The Alternative Minimum Tax (also called the “AMT”) attempts to ensure that anyone who benefits from certain tax advantages pays at least a minimum amount of tax. You should know the following seven facts about the AMT to prepare yourself for this tax season:
- Certain tax laws provide to some taxpayers many tax benefits, allowing for various types of deductions and credits for certain expenses. Such benefits can drastically reduce some taxpayers’ tax obligations. However, in its never ending quest to increase revenues, Congress created the AMT in 1969, targeting taxpayers who could claim so many deductions they owed little or no income tax.
- Because the AMT is not indexed for inflation, a growing number of middle-class taxpayers are discovering they become subject to the AMT.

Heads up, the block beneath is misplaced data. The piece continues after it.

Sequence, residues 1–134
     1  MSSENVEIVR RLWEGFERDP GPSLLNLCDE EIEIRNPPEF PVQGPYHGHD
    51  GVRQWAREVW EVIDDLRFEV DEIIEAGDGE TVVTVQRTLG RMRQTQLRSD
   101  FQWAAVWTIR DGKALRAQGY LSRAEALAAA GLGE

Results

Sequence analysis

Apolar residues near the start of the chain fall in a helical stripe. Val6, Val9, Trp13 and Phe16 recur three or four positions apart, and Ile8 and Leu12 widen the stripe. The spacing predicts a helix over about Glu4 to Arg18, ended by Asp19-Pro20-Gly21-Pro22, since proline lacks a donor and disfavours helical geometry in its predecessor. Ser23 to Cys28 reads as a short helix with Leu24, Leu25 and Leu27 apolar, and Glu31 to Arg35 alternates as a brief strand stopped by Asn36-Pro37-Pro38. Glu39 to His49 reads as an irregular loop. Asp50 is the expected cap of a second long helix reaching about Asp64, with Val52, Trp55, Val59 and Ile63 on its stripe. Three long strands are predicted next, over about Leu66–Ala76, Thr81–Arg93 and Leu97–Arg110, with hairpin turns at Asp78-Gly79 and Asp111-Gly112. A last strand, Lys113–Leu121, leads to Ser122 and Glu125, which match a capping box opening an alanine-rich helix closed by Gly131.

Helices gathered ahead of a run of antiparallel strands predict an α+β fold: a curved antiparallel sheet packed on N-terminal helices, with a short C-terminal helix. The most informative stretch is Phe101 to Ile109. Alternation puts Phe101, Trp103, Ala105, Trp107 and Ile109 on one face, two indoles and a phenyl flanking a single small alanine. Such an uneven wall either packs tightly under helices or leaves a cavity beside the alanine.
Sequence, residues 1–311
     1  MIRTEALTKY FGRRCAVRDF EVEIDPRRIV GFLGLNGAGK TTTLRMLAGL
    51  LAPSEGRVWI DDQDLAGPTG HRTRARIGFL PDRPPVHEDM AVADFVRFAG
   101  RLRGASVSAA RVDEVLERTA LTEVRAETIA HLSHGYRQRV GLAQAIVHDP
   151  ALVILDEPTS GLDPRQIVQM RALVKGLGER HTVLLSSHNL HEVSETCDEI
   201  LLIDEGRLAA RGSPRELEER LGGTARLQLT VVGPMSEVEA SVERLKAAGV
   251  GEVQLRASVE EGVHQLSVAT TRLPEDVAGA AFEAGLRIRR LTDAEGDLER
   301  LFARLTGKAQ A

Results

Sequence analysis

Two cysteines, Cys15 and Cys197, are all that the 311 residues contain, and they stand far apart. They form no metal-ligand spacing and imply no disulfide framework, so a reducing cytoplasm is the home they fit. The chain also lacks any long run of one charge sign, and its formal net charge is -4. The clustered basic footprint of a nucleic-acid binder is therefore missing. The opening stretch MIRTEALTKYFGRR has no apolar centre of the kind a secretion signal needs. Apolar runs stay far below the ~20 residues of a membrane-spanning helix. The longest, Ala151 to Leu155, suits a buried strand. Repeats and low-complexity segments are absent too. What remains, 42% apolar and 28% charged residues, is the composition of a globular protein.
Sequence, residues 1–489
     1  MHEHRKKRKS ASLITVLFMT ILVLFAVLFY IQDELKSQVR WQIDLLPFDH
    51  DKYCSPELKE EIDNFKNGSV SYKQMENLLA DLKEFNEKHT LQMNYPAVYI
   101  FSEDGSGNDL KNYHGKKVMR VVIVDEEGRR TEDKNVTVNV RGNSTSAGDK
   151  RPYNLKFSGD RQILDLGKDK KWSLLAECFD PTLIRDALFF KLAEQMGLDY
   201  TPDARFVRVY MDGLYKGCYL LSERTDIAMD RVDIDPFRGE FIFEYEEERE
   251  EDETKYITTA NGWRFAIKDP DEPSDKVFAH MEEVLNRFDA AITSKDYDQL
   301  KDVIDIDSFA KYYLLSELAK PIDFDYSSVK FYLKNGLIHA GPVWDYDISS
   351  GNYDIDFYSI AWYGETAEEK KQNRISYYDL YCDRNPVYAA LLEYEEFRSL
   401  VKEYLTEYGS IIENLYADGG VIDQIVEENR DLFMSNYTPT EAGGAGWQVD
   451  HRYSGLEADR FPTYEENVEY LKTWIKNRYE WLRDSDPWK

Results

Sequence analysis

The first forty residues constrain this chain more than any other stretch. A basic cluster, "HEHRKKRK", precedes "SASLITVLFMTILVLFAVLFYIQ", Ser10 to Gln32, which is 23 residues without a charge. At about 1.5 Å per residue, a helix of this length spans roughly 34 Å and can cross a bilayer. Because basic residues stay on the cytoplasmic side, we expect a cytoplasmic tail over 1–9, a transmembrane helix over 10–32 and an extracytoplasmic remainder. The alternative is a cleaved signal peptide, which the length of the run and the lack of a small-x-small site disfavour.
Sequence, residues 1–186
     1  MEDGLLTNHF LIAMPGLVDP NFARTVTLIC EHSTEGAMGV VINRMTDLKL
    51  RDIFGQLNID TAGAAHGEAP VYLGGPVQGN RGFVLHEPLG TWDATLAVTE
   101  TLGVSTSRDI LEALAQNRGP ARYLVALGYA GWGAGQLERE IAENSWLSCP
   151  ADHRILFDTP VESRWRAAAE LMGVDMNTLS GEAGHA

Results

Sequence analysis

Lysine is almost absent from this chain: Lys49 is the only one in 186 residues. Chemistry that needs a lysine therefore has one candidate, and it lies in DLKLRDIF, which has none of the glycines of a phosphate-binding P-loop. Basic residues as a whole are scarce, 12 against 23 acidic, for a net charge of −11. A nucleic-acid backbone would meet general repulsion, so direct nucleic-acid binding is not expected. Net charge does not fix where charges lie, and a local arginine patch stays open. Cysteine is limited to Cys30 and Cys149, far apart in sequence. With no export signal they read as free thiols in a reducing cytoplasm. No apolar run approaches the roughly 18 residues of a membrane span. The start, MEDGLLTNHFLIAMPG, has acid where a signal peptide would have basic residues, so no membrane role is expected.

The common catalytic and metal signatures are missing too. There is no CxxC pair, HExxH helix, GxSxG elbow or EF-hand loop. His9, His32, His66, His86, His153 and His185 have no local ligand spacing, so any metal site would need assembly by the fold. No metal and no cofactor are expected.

- You may have to pay the AMT if your taxable income for regular tax purposes plus any adjustments and preference items that apply to you are more than the AMT exemption amount.
- The AMT exemption amounts are set by law for each filing status.
- For tax year 2009, under significant public pressure, Congress slightly raised the AMT exemption amounts to the following levels:
- $70,950 for a married couple filing a joint return and qualifying widows and widowers;
- $46,700 for singles and heads of household; and
- $35,475 for a married person filing separately.
- The minimum AMT exemption amount for a child whose unearned income is taxed at the parents’ tax rate has increased to $6,700 for 2009.
- If you claim a regular tax deduction on your 2009 tax return for any state or local sales or excise tax on the purchase of a new motor vehicle, that tax is also allowed as a deduction for the AMT.
Taxpayers can find more information about the Alternative Minimum Tax and how it impacts them by accessing IRS Form 6251 or using IRS’ AMT Assistant.